Life much sweeter than she planned.

 

A life that feels so strange at first

Without the seasick dance,

But one where love and happiness

Will grow with half a chance.

 

Now in the nightmare lights

We just slide by in coloured streams.

She slips from rescue reach,

Like whispered words from fading dreams.

Separation

In the falling dust:

A baby cries her mother’s tears,

Cradled in soft sheets,

Haunted by her mother’s fears.

 

In the dewy grass:

Curling toes that clench each blade

Totter to the slide,

Climb the ladder, unafraid.

 

In the classroom roar:

Unsure where to go from here,

Scared to run and play.

Taut hands holding Mummy near.

 

Kiss me once and go!

Give me back my fears at last.

They are not for now.

Let us leave them in the past.

 

Kiss me once and go!

Time we both found our own way,

Chase our own bright dreams.

We’ll feel smaller if we stay.

 

Kiss me once and go!

You have your own path to tread.

But you must come home.

We’ll share stories before bed.

 

In the friendly gloom:

Plan adventures, wild and free.

Cradled in soft sheets;

You are you and I am me.

Dear Sultan

If you woke up, still you, but gay,

You’d be the same in every way.

No less rich or strong or bright,

No more wrong and no more right.

You’d still feel joy, excitement, fear;

You’d still grow older every year.

You’d still know love, and cherish those

Who wiped your tears and kissed your nose.

You’d still have interests, hobbies, jobs.

You’d still feel grief’s chest ache wrench sobs.

The only difference might well be

In who you love: the they, she, he.

And yet you, Sultan, have declared

That those, who only love have shared,

Deserve to die.

And when they do, they must feel pain:

Bone-breaking, cracking, smashing rain

Of stone that flies until you fall.

Until there’s no love left at all.

I see you; but I do not see

Your heart and your humanity.

Something Rotten

Smug in the trappings; wisdom and time,

Smile like a child’s plastic jewel.

You finger our lives.

 

Gilded treatment hides the reaching rot,

Leaving only musty cloying

Damp to warn us off.

 

Smile and smile and still be a villain:

Hidden in clothes of congruence.

Wolf walks in wax wool.

 

Delicate footwork skates thin ice.

Mask slips; screech within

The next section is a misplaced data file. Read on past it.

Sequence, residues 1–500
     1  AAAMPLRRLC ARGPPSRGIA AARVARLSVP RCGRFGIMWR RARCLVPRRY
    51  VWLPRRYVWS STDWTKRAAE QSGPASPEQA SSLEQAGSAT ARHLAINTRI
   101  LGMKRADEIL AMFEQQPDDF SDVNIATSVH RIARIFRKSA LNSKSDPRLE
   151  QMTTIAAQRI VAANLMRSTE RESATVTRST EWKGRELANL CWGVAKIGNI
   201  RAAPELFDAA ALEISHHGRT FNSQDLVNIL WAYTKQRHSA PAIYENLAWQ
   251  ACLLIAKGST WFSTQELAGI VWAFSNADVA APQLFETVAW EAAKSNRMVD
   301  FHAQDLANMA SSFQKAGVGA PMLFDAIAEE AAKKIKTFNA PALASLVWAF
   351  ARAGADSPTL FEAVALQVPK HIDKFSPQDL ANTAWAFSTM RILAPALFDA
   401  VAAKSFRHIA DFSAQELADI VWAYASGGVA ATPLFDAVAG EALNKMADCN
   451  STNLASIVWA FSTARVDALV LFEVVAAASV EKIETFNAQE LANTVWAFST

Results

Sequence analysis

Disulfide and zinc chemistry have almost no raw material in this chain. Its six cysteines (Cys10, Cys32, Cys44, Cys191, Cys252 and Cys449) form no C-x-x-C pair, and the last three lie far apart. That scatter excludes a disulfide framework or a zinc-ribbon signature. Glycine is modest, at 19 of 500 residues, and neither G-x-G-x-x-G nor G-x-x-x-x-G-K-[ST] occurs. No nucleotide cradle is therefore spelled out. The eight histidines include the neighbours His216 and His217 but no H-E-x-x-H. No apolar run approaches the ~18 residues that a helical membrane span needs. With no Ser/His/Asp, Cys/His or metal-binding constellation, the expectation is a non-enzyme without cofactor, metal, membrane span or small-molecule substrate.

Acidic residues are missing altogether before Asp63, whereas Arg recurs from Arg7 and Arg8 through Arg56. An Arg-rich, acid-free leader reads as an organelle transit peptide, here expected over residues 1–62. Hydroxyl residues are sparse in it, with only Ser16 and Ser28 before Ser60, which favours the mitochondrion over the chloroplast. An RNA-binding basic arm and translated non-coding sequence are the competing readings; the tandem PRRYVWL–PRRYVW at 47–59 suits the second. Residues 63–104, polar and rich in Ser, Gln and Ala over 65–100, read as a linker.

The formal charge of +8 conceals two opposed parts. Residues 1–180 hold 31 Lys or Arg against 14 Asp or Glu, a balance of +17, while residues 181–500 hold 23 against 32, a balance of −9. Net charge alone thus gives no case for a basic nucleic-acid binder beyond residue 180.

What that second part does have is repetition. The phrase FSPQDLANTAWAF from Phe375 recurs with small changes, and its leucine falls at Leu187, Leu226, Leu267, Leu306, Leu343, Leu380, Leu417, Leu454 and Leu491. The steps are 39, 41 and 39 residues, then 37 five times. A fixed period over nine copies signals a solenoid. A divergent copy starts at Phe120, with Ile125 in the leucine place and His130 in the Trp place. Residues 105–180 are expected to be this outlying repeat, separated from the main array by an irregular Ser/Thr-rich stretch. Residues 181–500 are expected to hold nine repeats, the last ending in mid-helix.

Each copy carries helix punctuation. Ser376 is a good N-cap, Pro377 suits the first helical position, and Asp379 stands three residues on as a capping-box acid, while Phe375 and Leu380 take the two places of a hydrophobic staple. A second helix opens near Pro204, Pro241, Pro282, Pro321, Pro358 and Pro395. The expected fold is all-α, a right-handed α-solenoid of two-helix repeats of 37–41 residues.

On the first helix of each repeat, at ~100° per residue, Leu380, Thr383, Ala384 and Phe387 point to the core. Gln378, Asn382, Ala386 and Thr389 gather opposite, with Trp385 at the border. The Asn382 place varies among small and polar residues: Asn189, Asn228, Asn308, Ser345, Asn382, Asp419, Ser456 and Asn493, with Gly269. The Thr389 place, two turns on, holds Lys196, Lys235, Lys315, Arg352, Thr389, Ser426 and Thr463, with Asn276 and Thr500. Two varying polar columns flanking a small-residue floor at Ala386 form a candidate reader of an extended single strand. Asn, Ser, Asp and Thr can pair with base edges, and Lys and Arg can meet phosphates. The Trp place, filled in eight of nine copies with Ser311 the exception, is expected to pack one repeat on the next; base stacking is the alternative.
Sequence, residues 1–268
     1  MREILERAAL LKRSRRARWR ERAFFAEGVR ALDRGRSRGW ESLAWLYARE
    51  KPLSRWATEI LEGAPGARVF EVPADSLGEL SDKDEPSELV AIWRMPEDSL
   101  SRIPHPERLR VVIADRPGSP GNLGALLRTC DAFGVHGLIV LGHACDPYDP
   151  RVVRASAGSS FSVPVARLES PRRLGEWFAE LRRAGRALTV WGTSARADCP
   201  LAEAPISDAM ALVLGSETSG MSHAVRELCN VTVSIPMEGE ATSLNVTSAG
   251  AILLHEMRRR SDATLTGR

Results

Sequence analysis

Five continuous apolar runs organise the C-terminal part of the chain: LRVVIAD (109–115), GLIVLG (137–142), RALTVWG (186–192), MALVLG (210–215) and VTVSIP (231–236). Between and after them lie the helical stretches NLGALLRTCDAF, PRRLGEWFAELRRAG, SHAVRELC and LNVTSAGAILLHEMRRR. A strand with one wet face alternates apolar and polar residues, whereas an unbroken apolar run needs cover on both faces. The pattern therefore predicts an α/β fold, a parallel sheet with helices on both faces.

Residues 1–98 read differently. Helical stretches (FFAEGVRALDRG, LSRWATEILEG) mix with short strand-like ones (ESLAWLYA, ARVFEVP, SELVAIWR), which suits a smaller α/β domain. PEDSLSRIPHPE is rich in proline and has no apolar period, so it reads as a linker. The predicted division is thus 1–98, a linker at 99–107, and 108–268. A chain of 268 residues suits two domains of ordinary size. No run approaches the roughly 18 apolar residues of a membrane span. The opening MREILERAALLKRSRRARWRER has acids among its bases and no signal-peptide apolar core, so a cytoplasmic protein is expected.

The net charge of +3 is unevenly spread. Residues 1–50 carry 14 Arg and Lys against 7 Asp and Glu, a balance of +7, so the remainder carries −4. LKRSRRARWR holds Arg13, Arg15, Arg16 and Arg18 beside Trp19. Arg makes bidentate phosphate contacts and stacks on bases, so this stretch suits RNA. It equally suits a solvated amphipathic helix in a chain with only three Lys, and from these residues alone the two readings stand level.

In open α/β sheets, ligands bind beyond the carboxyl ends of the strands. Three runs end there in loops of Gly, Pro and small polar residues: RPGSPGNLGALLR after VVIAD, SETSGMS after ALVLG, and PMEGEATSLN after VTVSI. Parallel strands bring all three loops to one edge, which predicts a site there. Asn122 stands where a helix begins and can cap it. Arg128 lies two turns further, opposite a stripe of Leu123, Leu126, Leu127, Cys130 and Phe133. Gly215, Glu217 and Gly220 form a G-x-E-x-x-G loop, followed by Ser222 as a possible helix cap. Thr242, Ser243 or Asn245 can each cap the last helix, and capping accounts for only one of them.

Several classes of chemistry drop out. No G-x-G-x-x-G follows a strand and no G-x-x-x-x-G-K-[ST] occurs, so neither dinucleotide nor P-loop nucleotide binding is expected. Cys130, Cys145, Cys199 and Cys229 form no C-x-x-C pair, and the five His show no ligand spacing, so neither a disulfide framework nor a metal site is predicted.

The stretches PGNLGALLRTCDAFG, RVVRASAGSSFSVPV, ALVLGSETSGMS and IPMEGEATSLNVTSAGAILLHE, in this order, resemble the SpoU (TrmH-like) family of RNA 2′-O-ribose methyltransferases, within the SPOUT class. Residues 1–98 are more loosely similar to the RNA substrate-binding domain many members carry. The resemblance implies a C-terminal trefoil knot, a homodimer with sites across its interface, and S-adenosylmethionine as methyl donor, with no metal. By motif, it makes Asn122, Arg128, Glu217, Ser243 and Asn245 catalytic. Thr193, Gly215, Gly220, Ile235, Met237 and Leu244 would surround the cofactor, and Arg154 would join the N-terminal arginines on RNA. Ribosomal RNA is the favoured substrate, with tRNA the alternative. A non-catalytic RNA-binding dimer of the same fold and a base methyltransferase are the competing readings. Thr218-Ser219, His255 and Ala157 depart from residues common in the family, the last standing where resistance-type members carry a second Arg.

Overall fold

And fall into the pain of unloved skin.

Depression

I just forget it’s you that pulls me down.

I sometimes think it’s me, that I am bad:

A useless mother, weird, a waste of space,

A coward: lazy, pointless, going mad.

 

I just forget that you wait in the wings

For your first chance to sing about my faults;

You wait with sweaty palms and gritted teeth

To mock me, shamed, before the real adults.

 

Then, suddenly, you speak your words in flames,

They dash across the blank grief of my mind.

Your drawl, smooth and familiar, shrinks my spine:

And fondled, touched, my memories unwind.

 

With glee, you fling my laughter to the dogs;

Achievements, skills are torn, mocked and defaced.

You hop and dance and kick salt in old wounds;

You push away the ones I once embraced.

 

So under this internal, cruel abuse,

I cower, cringing, knocking my scarred knees

And, jeering, spitting, come your playground friends:

A crowd of puffed-up bullies. Angry bees.

 

The first is Shame, who laughing, climbs my back

And, forceful, presses down my thumping head.

She covers my white eyes with rancid claws

And calls to Guilt, who comes with heavy tread.

 

Before them, I am naked and alone.

I search blind for a person I once knew.

But, sickly sweet, it’s Suicide who comes:

Seductive, painting death in a new hue.

 

So sudden is the onslaught, I am lost.

Her subtle voice, that slides beneath my skin

Is leaking poison, spreading, gaining ground.

It wants the very root of Self within.

 

I stop. That core is fragile but it’s mine.

To build it I’ve worked hard on self-reflection.

It’s taken years of honesty and pain

And anxious re-starts when I lost direction.

 

I will not give it up, despite your taunts,

Although you’ll hide it from me for a time.

For I have grown within a seed of hope:

And from it springs a ladder I can climb.

 

You told me I was making their lives worse.